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Category: Active Directory Attacks

This series details Active Directory attacks you need to know about–how they work, the techniques and tools cyber attackers use to perpetrate these AD attacks, and what you can do to detect, block, and mitigate them.

Setup, Configuration, and Task Execution with Covenant: The Complete Guide

Setup, Configuration, and Task Execution with Covenant: The Complete Guide

In this blog post, we are taking a deeper dive into Covenant. Covenant is one of the latest and greatest Command and Control (C2) Post Exploitation Frameworks which I covered in In my previous blog post. In that post, we discussed Covenant on a high level but now let’s go through the process of configuring and using Covenant to execute payloads on compromised hosts. NOTE: This post demonstrates the capabilities of Covenant in Mid-September 2019. Getting Setup and Starting Covenant…

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Protecting Against DCShadow

Protecting Against DCShadow

What Organizations Can Do to Stop a DCShadow Attack Recently, I came across a post outlining how companies CANNOT effectively defend against a DCShadow attack but instead need to take a reactive approach to identify when it may have occurred by monitoring their environment, and rolling back any unwanted changes once they were identified. Unfortunately, reacting to an incident could mean the damage is already done and a malicious actor has run off with the ‘keys to the kingdom’. The…

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What is a DCShadow Attack and How to Defend Against it

What is a DCShadow Attack and How to Defend Against it

In this blog post, we’ll be covering the DCShadow attack and how we can use StealthDEFEND to detect and respond to this type of attack. DCShadow was the topic of previous STEALTHbits Blog post, so in this post, we’ll start with a review of DCShadow and then focus on how we can DETECT and RESPOND to this attack with StealthDEFEND. Introduction to DCShadow DCShadow is another late-stage kill chain attack that allows an attacker with privileged credentials to register a “rogue” domain controller in order to PUSH changes to a…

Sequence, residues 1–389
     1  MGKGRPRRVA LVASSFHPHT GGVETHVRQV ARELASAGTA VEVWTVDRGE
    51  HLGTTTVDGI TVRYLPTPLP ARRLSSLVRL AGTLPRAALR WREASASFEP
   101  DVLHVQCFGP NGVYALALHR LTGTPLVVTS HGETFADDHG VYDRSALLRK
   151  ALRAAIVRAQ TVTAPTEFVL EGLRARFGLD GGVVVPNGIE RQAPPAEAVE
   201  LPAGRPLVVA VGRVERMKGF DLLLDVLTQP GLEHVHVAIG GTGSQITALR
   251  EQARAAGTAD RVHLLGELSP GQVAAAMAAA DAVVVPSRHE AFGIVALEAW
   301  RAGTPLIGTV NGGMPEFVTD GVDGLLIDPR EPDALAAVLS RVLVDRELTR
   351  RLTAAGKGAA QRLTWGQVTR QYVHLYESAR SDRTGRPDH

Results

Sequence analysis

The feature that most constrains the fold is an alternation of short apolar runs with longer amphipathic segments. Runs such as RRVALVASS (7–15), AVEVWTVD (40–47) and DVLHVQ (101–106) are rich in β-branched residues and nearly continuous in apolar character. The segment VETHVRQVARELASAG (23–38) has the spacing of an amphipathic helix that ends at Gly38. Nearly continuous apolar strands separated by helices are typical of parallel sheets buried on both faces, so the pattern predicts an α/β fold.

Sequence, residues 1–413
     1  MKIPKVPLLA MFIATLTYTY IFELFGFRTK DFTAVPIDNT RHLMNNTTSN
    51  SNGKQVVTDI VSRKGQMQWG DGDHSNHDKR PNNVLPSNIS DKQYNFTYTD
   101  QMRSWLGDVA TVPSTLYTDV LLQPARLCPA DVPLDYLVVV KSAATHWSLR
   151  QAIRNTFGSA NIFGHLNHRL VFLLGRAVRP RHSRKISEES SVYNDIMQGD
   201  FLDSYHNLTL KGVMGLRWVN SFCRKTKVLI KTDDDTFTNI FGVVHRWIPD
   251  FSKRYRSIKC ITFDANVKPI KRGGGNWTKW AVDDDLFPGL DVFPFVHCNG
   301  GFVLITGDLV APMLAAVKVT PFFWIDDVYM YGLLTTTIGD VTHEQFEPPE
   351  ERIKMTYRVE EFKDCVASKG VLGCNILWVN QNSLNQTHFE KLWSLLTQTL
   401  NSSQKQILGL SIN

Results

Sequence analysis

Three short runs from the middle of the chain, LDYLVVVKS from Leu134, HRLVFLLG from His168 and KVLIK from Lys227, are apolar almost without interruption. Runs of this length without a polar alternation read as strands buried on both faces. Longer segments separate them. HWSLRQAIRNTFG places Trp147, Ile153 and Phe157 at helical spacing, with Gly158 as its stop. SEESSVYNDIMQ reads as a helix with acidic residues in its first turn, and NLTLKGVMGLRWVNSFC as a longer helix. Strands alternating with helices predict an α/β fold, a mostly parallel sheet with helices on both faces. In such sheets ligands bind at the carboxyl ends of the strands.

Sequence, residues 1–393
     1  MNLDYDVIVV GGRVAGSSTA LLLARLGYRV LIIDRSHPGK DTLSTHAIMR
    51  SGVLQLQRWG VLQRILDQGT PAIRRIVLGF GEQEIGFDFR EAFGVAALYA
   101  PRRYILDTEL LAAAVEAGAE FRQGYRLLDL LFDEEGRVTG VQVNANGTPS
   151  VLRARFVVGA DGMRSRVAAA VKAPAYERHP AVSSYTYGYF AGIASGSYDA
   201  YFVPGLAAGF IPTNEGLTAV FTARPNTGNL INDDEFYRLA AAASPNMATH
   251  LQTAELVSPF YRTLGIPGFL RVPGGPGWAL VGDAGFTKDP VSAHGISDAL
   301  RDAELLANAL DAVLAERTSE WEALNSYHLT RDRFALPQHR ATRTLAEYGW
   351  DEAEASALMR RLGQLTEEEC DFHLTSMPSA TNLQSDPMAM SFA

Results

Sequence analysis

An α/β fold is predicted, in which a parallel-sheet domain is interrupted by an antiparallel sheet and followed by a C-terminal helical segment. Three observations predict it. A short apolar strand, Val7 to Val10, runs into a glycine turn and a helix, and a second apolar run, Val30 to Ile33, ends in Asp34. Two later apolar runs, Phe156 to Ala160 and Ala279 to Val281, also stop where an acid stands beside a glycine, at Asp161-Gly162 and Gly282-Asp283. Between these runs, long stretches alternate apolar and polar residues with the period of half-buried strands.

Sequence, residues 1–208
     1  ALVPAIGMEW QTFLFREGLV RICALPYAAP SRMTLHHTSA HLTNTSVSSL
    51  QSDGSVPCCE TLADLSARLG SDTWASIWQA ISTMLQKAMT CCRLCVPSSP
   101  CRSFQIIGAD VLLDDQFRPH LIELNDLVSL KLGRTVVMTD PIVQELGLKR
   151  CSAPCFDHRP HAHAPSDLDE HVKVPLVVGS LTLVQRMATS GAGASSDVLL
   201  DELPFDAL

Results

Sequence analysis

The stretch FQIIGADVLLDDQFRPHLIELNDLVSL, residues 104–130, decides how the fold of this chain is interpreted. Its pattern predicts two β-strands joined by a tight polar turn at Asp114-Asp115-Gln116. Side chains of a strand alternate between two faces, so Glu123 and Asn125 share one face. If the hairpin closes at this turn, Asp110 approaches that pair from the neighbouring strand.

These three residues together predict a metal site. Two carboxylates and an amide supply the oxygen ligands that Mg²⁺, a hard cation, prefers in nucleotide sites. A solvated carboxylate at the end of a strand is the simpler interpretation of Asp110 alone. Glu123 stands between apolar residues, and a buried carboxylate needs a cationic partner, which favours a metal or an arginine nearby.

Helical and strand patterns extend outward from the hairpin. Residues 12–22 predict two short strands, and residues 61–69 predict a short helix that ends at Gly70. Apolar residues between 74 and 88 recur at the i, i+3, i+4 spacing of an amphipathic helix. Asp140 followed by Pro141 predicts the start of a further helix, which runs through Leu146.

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Next-Gen Open Source C2 Frameworks in a Post PSEmpire World: Covenant

Next-Gen Open Source C2 Frameworks in a Post PSEmpire World: Covenant

Rest in Peace PowerShell Empire PowerShell Empire (PSEmpire) is a Command and Control (C2) Post Exploitation Framework that has been discussed in a variety of posts on the STEALTHbits Blog. What is PSEmpire? PSEmpire is a great tool with a wide variety of uses in the Information Security community including learning, red teaming and even more nefarious uses such as being used by the Ryuk Ransomware. Sadly, it has been officially announced the PSEmpire is no longer being supported and development has stopped….

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Detecting Persistence through Active Directory Extended Rights

Detecting Persistence through Active Directory Extended Rights

Today, I came across an interesting article (since posting, the original post has been taken offline) where the author described how an attacker could manipulate the permissions on extended attributes to create persistence once they have compromised an Active Directory domain.  Read the article for a great breakdown of the attack, but here’s a quick summary. Step 1 – Domain Compromise An attacker compromised Domain Admin privileges within Active Directory and wants to make sure they create some backdoors in…